The carbapenems are the most reliably active β-lactam agents against ESBL-expressing strains. Clinical experience with alternatives is more limited, but, for organisms susceptible to piperacillin-tazobactam (minimal inhibitory concentration [MIC], ≤4 μg/mL), this agent—at a dosage of 4.5 g q6h—may offer a carbapenem-sparing alternative, at least for E. coli. The role of tigecycline is unclear despite its excellent in vitro activity; Proteus, Morganella, and Providencia are inherently resistant, and attainable serum and urine levels are low. Therefore, caution appears to be prudent, especially with serious infections, until more clinical data become available. Oral options for the treatment of strains expressing CTX-M ESBLs are limited, with fosfomycin being the most reliably active agent (see section below on the treatment of extraintestinal E. coli infections).
AmpC β-lactamases, when induced or stably derepressed to high levels of expression, confer resistance to the same substrates as ESBLs plus the cephamycins (e.g., cefoxitin and cefotetan). The genes encoding these enzymes are primarily chromosomally located and therefore may not exhibit the linked or associated resistance to fluoroquinolones, TMP-SMX, aminoglycosides, and tetracyclines that is common with ESBLs. These enzymes are problematic for the clinician: resistance may develop during therapy with third-generation cephalosporins, resulting in clinical failure, particularly in the setting of bacteremia. Although chromosomal AmpC β-lactamases are present in nearly all members of the Enterobacteriaceae family, the risk of clinically significant induction of high expression levels or selection of stably derepressed mutants with cephalosporin treatment is greatest with Enterobacter cloacae and Enterobacter aerogenes, lower with Serratia marcescens and Citrobacter freundii, and lowest with Providencia and Morganella morganii. In addition, rare strains of E. coli, K. pneumoniae, and other Enterobacteriaceae have acquired plasmids containing inducible AmpC β-lactamase genes. Carbapenems are a viable treatment option. The fourth-generation cephalosporin cefepime may be an appropriate option if the concomitant presence of an ESBL can be excluded and source control is achieved. Other carbapenem-sparing alternatives to consider if isolates are susceptible in vitro are fluoroquinolones, piperacillin-tazobactam, TMP-SMX, tigecycline, and aminoglycosides, although clinical data are limited.
Carbapenemases (e.g., KPC [class A]; NDM-1, VIM, and IMP [class B]; and OXA-48 [class D]) confer resistance to the same drugs as ESBLs and also to cephamycins and carbapenems. Similar to ESBLs, carbapenemases are usually encoded on large transferable plasmids, which often encode linked resistance to fluoroquinolones, TMP-SMX, tetracyclines, and aminoglycosides. Unfortunately, carbapenemase-producing Enterobacteriaceae are becoming increasingly common, particularly in Asia, and infection with these strains is associated with elevated mortality rates. This reality has prompted the Centers for Disease Control and Prevention (CDC) to categorize carbapenem-resistant Enterobacteriaceae as an “urgent threat” to health care. Carbapenemase production by Enterobacteriaceae is most prevalent in K. pneumoniae and E. coli but has been described in nearly all members of the family. Automated susceptibility systems may be unreliable for detection of carbapenemases. An elevated MIC or a diminished zone diameter for meropenem or imipenem should prompt genotypic confirmation, if available. Alternatively, the phenotype can be confirmed with a modified Hodge test (which detects classes A, B, and D, although results can be false positive) and/or inhibition tests with boronic acid (class A), EDTA (class B), or dipicolinic acid (class B). Carbapenem resistance may also occur in the absence of carbapenemase production and can be mediated by AmpC β-lactamase and ESBL production coupled with modifications in permeability/efflux.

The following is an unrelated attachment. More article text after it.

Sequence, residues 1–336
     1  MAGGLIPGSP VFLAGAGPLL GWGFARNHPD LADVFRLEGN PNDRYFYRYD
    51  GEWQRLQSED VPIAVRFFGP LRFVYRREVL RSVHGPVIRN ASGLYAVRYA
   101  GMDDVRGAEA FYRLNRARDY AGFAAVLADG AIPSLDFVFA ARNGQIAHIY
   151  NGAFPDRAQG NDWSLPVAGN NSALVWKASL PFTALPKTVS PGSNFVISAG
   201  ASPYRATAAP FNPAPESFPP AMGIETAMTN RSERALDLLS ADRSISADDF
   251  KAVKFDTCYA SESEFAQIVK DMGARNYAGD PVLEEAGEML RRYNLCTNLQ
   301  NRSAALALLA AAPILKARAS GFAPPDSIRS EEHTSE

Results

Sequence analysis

For treatment of carbapenem-resistant Enterobacteriaceae, tigecycline and colistin are the parenteral agents with the most reliable in vitro activity. However, because tigecycline reaches only low serum and urine concentrations, caution is warranted in using it to treat bacteremia and perhaps urinary tract infection (UTI), although a few case reports describe some success with tigecycline therapy for UTI. Colistin has nephrotoxic and neurotoxic potential. Furthermore, increasing resistance has been described to both of these agents. Thus the clinician is left with few or no therapeutic options. Aminoglycosides may have some utility if active. Fosfomycin is often active in vitro, but clinical data are limited, concerns exist about the development of resistance with monotherapy, and no parenteral formulation is available in the United States. Although control data are lacking, combination therapy is being used in this setting with the goals of increasing efficacy and decreasing the emergence of resistance.
Resistance to fluoroquinolones usually is due to alterations of the target site (DNA gyrase and/or topoisomerase IV), with or without decreased permeability, active efflux, or protection of the target site. Resistance to this drug class is increasingly prevalent among GNB and is associated with resistance to other antimicrobial classes; for example, 20–80% of ESBL-producing enteric GNB are also resistant to fluoroquinolones. At present, quinolones should be considered unreliable as empirical therapy for infections due to GNB in critically ill patients.
In this era of increasing antimicrobial resistance, it is critical to culture the local site of infection before the initiation of antimicrobial therapy and, for systemically ill patients, to obtain blood samples for culture. Antimicrobial resistance may not always be identified by in vitro testing; therefore, it is important to assess the clinical response to treatment. Moreover, as discussed above, resistance may emerge during therapy through the induction or stable derepression of AmpC β-lactamases. In addition, drainage of abscesses, resection of necrotic tissue, and removal of infected foreign bodies are often required for cure. GNB are commonly involved in polymicrobial infections, in which the role of each individual pathogen is uncertain (Chap. 73). Although some GNB are more pathogenic than others, it is usually prudent, if possible, to design an antimicrobial regimen active against all of the GNB identified, because each is capable of pathogenicity in its own right. Lastly, for patients treated initially with a broad-spectrum empirical regimen, the regimen should be de-escalated as expeditiously as possible once susceptibility results are known and the patient has responded to therapy.